How to Rent guide updated yet again!

by Readers Question

5:15 AM, 11th July 2018
About A year ago

How to Rent guide updated yet again!

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How to Rent guide updated yet again!

The recently updated ‘How to Rent’ guide has been updated yet again!

The 9th of July 2018 edition now replaces the 10th of June 2018 edition.

Click Here to download the full document which must be provided by landlords and agents to all new tenants.

It seems the main change was the subtitle, which should be ‘The checklist for renting in England’ (as it always was), but was tinkered with…except “The How to Rent Guide: A checklist for renting in England” is written into legislation…so the title at very least cannot be altered.

They are such useless idiots.

Luke

Editors Notes:

“This information is frequently updated. Landlords cannot use the Section 21 (no fault) eviction procedure unless an up-to-date version of this guide has been provided to the tenant.”

The above actually means the correct version of the guide at the time the tenancy was taken out not that you constantly have to keep sending updated guides to your tenants. Although there has been some debate as to whether this is best practice anyway.

The guide is for tenants and landlords in the private rented sector to help them understand their rights and responsibilities. It provides a checklist and more detailed information on each stage of the process.  including:

  • what to look out for before renting
  • living in a rented home
  • what happens at the end of a tenancy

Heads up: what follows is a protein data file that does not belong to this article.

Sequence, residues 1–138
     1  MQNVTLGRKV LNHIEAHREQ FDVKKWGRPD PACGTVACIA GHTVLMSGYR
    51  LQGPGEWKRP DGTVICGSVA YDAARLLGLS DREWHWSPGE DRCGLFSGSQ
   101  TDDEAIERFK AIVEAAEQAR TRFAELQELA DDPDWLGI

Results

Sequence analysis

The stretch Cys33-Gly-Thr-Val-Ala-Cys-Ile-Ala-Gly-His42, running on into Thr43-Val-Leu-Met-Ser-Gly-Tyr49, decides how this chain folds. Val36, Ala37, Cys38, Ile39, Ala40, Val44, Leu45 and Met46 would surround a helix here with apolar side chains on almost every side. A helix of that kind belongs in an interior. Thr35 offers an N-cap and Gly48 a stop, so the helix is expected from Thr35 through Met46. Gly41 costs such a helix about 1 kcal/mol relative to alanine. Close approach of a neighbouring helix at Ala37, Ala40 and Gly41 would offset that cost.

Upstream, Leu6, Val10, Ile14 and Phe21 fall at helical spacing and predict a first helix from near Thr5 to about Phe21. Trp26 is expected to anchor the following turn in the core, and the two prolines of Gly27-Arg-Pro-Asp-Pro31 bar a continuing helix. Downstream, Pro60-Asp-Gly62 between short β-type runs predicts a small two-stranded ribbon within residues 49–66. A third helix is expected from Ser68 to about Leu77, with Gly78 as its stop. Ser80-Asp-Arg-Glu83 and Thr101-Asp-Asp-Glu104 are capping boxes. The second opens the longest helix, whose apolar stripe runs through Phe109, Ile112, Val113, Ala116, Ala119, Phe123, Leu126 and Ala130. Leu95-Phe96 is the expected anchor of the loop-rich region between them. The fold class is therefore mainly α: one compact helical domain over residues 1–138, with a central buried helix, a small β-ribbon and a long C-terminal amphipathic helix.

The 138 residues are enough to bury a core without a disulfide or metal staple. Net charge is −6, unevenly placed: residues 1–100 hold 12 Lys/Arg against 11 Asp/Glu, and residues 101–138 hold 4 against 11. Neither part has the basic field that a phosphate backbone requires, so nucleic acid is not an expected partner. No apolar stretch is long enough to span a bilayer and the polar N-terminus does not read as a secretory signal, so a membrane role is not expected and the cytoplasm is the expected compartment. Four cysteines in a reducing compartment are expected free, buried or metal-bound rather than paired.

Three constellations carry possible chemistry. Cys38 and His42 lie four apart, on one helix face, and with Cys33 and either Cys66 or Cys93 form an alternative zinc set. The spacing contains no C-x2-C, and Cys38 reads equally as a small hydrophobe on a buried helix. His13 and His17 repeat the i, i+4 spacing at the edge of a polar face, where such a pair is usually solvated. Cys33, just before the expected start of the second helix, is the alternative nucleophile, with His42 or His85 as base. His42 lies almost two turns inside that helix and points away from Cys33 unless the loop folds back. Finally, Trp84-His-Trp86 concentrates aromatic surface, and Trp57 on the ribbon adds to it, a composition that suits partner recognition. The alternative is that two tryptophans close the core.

• what to do if things go wrong

The booklet also confirms the following:

The landlord must provide you with

  • A copy of this guide “How to rent: the checklist for renting in England” as a printed copy or, if you agree, via email as a PDF attachment.
  • A gas safety certificate. The landlord must provide one each year, if there is a gas installation.
  • Deposit paperwork. If you have provided a deposit, the landlord must protect it in a government approved scheme. Make sure you get the official information from the scheme, and that you understand how to get your money back at the end of the tenancy. Keep this information safe as you will need it later.
  • The Energy Performance Certificate. This will affect your energy bills and the landlord must provide one (except for Houses in Multiple Occupation).

If your landlord doesn’t provide these, they can’t evict you until they do.

The landlord should provide you with:

A record of any electrical inspections. All appliances must be safe and checks every 5 years are recommended.

The landlord must:

  • Maintain the structure and exterior of the property.
  • Fit smoke alarms on every floor and carbon monoxide alarms in rooms using solid fuels – such as coal and wood – and make sure they are working at the start of your tenancy. If they are not there, ask your landlord to install them.
  • Deal with any problems with the water, electricity and gas supply.
  • Maintain any appliances and furniture they have supplied.
  • Carry out most repairs. If something is not working, report it to the landlord (or their agent) as soon as you can.
  • Arrange an annual gas safety check by a Gas Safe engineer (where there are any gas appliances).
  • Give at least 24 hours notice of visits for things like repairs – the landlord cannot walk in whenever they like.
  • Get a licence for the property, if it is a licensable property.”


Comments

Chris Daniel

22:13 PM, 20th July 2018
About A year ago

Reply to the comment left by Rob Crawford at 20/07/2018 - 13:53
No, Government is not responsible for its dissemination, ... But - They are responsible for the absolute balls up in recent weeks over the farcical renaming of it, having it pointed out to them that this makes their own document not legally valid. Re-hashing it and not updating version numbers on the repeated versions to cover up their mistakes.
Now that - They SHOULD be responsible for Disseminating ( too embarrassing though, I suspect ! ) couldn't organise one in a brewery !

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